Proposition 62 by Stephen Im
A yes vote on Proposition 62 and no vote of Proposition 66 will put an end to the death penalty in California along with the broken system that has executed a total of 13 people since 1978 costing taxpayers $5 billion.
Be aware, Proposition 62 and Proposition 66 contradict one another and while the passing of proposition 66 intends on fixing the pricey form of criminal punishment, repealing the death penalty in California is a must.
If California were to repeal the death penalty, the state would become the 21st in the nation to do so.
Since 2007, Illinois, Maryland, Nebraska, New Jersey, New Mexico, and New York have repealed the death penalty.
Although victims’ families seek to find closure, our current system allows for multiple appeals filed by death row inmates, elongating their day of execution.
The death penalty doesn’t reduce crime, it only, at least for those on California’s death row, means standing in a lethal injection queue.
Proposition 62 supporters have voiced their reasons to repeal the death penalty including fiscal savings, providing true closure for victims’ families and avoiding the possibility of executing an innocent person.
At what point to do we draw the line on punishment? Governing bodies in capital punishment states have been given the authority to end a life that perpetuates the ancient form of an eye and for an eye mentality.
Executions conjure up images of the guillotine, lynching ropes, electric chairs and gas chambers.
A prison sentence without the possibility of parole, facing every day until life withers away is plenty consequence for the guilty.
Since 2006, 56 death row inmates in California have died. But only one of them was executed. The other 55 have either died of natural causes or suicide.
Those opposed to repealing the death penalty but have visions of fixing the broken system, have summed it up in their slogan, “Mend, not end the death penalty.”
Their solution is found in Proposition 66, which is written with intent to speed up the process of death row execution by limiting the appeals process
Those for Proposition 66 say the passing of proposition 62 would cost taxpayers millions per year housing inmates.
If the death penalty were to remain, does it open a new fast lane to the lethal injection room?
Will the changes make a difference from the different system?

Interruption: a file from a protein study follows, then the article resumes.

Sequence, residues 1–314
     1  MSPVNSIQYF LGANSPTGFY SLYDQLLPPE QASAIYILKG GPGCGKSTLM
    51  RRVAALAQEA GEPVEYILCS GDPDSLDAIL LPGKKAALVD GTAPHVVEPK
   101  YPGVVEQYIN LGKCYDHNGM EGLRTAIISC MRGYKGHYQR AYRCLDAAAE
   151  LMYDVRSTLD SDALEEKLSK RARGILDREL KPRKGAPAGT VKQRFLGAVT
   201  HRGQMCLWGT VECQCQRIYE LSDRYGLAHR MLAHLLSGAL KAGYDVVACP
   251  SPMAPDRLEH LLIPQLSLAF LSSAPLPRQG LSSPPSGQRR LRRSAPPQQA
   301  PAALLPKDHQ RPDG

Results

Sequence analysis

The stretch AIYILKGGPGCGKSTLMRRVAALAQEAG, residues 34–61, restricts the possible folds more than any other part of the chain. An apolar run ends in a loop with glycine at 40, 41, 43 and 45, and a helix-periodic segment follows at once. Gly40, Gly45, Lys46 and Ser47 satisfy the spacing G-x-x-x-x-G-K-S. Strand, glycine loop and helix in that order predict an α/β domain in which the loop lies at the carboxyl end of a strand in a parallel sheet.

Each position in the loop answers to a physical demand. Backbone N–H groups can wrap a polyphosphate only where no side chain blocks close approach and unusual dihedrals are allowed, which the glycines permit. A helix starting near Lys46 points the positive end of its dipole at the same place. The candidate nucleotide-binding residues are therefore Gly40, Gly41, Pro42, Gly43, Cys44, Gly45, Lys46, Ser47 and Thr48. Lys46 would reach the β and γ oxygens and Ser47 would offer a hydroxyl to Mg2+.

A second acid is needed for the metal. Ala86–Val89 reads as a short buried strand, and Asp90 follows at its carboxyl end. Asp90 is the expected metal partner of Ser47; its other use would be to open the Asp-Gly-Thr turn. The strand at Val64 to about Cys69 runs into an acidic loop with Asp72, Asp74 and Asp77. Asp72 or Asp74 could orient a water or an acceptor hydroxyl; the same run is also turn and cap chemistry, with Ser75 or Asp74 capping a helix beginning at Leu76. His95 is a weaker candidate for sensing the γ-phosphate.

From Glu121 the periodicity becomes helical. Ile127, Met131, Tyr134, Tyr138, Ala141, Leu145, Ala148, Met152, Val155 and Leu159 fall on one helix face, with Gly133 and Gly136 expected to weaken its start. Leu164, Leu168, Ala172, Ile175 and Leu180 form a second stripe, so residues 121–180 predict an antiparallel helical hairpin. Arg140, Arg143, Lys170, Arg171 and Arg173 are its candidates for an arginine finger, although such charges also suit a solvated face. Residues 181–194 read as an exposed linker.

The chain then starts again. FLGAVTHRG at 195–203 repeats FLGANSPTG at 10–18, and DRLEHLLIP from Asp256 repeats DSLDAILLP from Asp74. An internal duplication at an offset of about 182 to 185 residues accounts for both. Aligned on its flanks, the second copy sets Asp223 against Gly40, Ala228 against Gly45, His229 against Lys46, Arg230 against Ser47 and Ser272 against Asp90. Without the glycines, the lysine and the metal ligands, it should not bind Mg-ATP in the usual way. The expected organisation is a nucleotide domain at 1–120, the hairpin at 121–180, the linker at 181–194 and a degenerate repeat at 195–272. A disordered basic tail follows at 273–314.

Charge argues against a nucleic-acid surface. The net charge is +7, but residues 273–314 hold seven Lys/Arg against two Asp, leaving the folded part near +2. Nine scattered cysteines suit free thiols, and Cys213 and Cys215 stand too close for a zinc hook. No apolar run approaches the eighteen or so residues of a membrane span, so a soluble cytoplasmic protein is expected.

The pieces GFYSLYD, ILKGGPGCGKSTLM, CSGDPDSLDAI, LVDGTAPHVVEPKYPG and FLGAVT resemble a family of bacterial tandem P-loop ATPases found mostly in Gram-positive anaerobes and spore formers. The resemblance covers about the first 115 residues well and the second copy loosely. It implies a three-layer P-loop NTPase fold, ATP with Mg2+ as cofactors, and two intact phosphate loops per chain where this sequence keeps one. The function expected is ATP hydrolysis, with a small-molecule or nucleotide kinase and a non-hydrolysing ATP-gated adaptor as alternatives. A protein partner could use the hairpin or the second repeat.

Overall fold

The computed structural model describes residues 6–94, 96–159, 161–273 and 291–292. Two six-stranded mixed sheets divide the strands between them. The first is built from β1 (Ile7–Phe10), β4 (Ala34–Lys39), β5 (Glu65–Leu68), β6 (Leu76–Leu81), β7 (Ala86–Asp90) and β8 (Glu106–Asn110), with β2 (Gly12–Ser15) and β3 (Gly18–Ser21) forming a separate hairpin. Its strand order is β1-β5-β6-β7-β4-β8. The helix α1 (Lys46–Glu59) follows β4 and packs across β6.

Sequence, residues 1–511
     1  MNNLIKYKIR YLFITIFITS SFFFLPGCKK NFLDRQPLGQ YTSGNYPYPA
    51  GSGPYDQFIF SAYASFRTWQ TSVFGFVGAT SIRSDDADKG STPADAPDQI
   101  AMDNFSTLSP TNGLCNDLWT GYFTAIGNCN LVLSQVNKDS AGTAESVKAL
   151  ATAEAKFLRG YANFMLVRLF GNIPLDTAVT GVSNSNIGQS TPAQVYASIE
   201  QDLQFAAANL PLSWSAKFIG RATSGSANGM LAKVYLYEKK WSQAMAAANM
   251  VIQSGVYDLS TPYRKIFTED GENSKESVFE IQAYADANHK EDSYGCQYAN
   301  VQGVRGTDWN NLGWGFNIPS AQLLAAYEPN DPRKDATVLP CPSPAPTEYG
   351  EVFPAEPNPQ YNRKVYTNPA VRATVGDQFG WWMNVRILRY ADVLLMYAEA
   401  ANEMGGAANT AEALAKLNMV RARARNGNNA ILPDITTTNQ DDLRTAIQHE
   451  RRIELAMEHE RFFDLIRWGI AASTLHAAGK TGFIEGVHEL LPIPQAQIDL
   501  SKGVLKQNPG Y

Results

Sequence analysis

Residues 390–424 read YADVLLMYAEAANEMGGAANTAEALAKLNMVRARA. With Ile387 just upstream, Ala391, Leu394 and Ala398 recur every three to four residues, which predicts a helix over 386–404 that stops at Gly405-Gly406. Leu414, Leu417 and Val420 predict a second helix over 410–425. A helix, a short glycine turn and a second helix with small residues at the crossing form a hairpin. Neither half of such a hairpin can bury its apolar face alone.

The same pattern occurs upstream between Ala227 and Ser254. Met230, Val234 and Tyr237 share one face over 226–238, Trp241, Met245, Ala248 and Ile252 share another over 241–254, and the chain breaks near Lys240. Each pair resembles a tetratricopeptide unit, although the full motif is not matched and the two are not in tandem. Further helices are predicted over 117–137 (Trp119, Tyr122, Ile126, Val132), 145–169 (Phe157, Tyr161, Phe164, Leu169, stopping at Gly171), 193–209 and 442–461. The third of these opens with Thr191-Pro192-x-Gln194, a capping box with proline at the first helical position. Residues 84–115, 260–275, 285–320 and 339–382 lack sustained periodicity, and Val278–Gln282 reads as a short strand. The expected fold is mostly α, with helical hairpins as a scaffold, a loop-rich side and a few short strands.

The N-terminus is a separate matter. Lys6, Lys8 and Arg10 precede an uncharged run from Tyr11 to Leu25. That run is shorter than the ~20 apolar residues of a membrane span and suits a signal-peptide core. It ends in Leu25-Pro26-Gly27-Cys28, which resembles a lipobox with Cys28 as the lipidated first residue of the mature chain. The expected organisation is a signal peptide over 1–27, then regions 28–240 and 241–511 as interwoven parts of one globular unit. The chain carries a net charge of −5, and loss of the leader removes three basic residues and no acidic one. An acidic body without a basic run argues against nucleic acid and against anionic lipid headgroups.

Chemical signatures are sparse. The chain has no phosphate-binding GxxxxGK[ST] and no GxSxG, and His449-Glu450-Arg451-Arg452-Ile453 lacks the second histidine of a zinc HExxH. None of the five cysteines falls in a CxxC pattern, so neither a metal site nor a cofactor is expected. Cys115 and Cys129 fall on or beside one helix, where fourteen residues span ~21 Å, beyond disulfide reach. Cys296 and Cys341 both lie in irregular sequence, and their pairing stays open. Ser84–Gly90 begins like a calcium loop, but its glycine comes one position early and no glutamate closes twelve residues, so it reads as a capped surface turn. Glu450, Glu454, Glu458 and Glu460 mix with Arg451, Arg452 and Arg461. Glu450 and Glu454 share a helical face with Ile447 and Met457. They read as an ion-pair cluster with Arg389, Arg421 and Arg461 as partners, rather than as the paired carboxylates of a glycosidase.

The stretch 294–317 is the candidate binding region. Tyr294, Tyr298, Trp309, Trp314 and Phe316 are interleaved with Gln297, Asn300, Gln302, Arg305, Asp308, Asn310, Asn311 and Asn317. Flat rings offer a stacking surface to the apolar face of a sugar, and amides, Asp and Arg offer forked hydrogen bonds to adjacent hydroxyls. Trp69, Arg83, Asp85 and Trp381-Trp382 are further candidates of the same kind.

If so, we have to answer these questions by the lives being executed.
What a morbid way of gaining statistics.
For comparison sake, Texas has executed six people in 2016 alone, 89 since 2010 and a total of 537 since 1982.
These numbers suggest their system is working.
Come this November Election Day, take your feelings of fiscal responsibility, the fragility of life and the need for ending a broken system and vote yes on Prop 62 and no on Prop 66.
Proposition 66 by Emily Hermosillo
California needs to vote yes for Proposition 66 in order to fix death penalty procedures and save tens of millions of dollars annually.
Proposition 66 would cut these expenses by: limiting the number of appeals, letting the Supreme Court make decisions on petitions that challenge sentencing, requiring appointed attorneys to accept death penalty appeals, having a strict time frame for death penalty review.
Proposition 62 suggests the death penalty should be replaced with life without parole.
It is clear that something has to change, but getting rid of the death penalty all together is not the answer.
A field poll released January concluded that California voters are torn with 48 percent wanting to make the process more efficient while 47 percent want to get rid of the death penalty altogether.
United States Circuit Judge Arthur Alarcon and Paula Mitchell, Adjunct Professor of Law at Loyola Law School, conducted “Costs of Capital Punishment in California: Will Voters Choose Reform this November?” which assessed the costs for the death penalty and found that over $4 billion have been spent in California alone since 1978.
Only thirteen people have been executed in California since 1978 with the most recent execution occurring a decade ago. There are currently 746 death row inmates.
The cost of incarceration is less than
one-fourth of the expenses. What makes up most of the money is trials, retrials, appeals and petitions which can prolong a sentencing for decades and 42 percent of the money is spent on trials and pre-trials alone.
Both options are expensive, and while supporters of repealing the death penalty will point out that it is currently more expensive to execute than to keep alive, it does not have to stay that way.
Putting the Supreme Court in charge of petitions challenging the sentencing and by establishing a time frame for death penalty review will improve the process.
The death penalty is held in reserve for the individuals that are the highest risk to society.
If given a life sentence there is the possibility of shortening their term, getting off on parole or in extreme cases, escaping.
In the past, governors have changed or limited the sentencing of prisoners that had life without parole.
Precautions need to be taken, it is nearly impossible to tell if a criminal is looking for redemption or just an escape.
“The Journal of Criminal Law and Criminology,” by University of Colorado-Boulder Chair of the Department of Sociology Michael Radelet, reports that 88 percent of professional criminologists do not believe the death penalty is a deterrent to homicide.
People will continue to commit horrible crimes regardless if the death penalty is in place or not, what matters is preventing future harm to society.
The death penalty needs to be quick and efficient and it needs to remain in place.
Registered voters of California should take interest in improving a system put in place to protect them by voting yes on Proposition 66.